Daily I get asked, How do I start my new dreads?
So - here I will answer your question.....
Starting new dreads - I kind of want to say "Come on guys, really? I'm a loctician and I love neat dreads! How do you think I'm going to answer this question??" My short answer is go see a GOOD NATURAL loctician. The days of sitting around with your friends eating pizza and watching movies while they backcomb your hair and apply wax has gone. Really. Its gone. Having dreads is much more serious than that - I mean don't you want your new dreads to be AMAZING and exactly what you're dread-dreaming about?
For that you need a loctician. Full stop.
You can let them form naturally (I've done it myself in the past a couple of times), and if you have really dry curly hair then you may get some good dreads. Or you may get a matted mess that's half-dreaded and half-hair still 12 months later.
Another thing I want to mention here is the amount of people who profess that they can make dreadlocks because they have watched how do to it on YouTube. Do you really want your dreads done by someone who's simply watched a few YouTube videos of a guy in Thailand making dreads? I certainly would not. I personally would want my loctician to be someone who has spent time learning this skill via a reputable teacher, and has had lots of practice and has a genuine LOVE for dreads and knows pretty much everything dreadlock. I know here in Byron Bay every second backpacker seems to "know" how to dreadlock - but what that usually means is interlocking (weaving the ends through the bases), and that is NOT a dreadlock in any way, shape or form!
Can you taste my dislike for irresponsible and unethical so-called 'dreadlockers'....? Yep.
So please, get your dreads done properly. Your dreads you will no doubt have for many many years to come - if not forever, so start them right. A good foundation is everything. They need to be sectioned properly, the lengths created evenly and tightly (so there is no undreaded areas which would become vulnerable to breakage). There are loads of factors and a good loctician will just know their stuff.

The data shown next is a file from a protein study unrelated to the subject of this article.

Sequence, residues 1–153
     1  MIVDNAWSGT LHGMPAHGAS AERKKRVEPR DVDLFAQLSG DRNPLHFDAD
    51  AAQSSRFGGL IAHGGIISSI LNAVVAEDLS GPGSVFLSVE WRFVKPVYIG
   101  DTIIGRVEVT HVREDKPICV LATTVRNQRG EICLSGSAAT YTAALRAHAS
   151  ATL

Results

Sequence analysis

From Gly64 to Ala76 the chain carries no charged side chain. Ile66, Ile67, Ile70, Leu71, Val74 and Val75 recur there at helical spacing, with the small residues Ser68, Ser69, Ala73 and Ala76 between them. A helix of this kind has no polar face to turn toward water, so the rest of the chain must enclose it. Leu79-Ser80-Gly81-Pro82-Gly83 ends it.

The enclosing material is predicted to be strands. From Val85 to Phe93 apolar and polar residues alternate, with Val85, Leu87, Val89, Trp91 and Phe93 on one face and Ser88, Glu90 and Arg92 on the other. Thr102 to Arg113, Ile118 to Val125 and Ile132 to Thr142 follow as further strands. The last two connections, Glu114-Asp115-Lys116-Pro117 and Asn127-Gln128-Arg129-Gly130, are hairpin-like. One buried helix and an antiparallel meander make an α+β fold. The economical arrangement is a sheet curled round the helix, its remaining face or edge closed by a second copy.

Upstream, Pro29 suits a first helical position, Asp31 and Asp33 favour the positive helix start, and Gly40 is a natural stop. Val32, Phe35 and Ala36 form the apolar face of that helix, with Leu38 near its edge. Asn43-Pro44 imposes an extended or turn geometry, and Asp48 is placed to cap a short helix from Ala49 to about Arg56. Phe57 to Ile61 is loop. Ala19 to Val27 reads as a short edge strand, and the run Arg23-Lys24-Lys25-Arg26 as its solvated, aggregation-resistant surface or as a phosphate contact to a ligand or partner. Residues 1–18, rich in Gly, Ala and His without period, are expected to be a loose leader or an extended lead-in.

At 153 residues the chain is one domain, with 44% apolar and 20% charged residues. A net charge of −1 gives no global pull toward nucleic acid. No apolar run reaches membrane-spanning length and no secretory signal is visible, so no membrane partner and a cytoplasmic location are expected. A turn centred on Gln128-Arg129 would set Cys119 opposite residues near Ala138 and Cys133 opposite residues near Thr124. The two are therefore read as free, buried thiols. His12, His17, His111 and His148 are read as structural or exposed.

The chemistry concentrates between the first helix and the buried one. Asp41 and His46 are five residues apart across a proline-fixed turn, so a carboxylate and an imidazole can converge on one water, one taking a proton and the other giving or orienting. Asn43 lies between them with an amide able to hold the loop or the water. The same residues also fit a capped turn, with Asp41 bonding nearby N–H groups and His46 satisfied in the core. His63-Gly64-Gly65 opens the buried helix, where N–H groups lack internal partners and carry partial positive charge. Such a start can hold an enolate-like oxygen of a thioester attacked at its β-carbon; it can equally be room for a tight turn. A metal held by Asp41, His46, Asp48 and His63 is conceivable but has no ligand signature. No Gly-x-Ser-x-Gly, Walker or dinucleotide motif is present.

When you go and check out a loctician be sure to ask questions and look around. Heres what i mean:
- Do they have dreads, and if so do you like them?
- Ask them to describe their method in detail. If it involves wax, chemicals, excessive length loss, interlocking, thread - walk out.
- Where did they learn their craft? And how long have they been making dreads? Do they have pictures of work they have done? Do you like the dreads in the pictures?
- Do they seem interested in you and your new dreads? (I know myself when someone is coming for dreads I get excited for them - I KNOW what it means to make that decision and I want to share their enthusiasm)
- What will the price be... exactly? I've heard stories of people being quoted $400 and then being told at the end it will be $650. That is very unethical to me. If you are quoted a price THAT will be the price.
Ask ask ask - anything you think of. Even if it feels stupid, ask.
Lastly, please know that I'm not against naturally formed dreads at all - as I said I've had them myself - but I do personally love neater dreads and like them to have a good solid start in life these days. Some of my clients have naturally formed dreads and I LOVE them, they are gorgeous; but they have also been really lucky to have hair that will dread up naturally and well.
What are your thoughts on new dreads? Did you ever use something a bit weird to make your dreads? If you have any stories Id love to hear about them.